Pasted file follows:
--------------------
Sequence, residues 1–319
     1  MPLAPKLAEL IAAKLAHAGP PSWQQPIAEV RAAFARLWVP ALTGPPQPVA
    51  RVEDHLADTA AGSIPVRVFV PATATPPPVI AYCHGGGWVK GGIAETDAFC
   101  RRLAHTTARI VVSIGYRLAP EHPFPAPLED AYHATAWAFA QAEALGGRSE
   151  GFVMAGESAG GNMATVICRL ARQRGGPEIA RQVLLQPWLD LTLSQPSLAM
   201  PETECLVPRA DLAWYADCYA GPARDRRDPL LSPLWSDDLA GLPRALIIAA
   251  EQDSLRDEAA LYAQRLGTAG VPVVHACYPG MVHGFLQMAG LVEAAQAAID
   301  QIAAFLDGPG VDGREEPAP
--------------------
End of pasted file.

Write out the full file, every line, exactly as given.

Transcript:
Sequence, residues 1–319
     1  MPLAPKLAEL IAAKLAHAGP PSWQQPIAEV RAAFARLWVP ALTGPPQPVA
    51  RVEDHLADTA AGSIPVRVFV PATATPPPVI AYCHGGGWVK GGIAETDAFC
   101  RRLAHTTARI VVSIGYRLAP EHPFPAPLED AYHATAWAFA QAEALGGRSE
   151  GFVMAGESAG GNMATVICRL ARQRGGPEIA RQVLLQPWLD LTLSQPSLAM
   201  PETECLVPRA DLAWYADCYA GPARDRRDPL LSPLWSDDLA GLPRALIIAA
   251  EQDSLRDEAA LYAQRLGTAG VPVVHACYPG MVHGFLQMAG LVEAAQAAID
   301  QIAAFLDGPG VDGREEPAP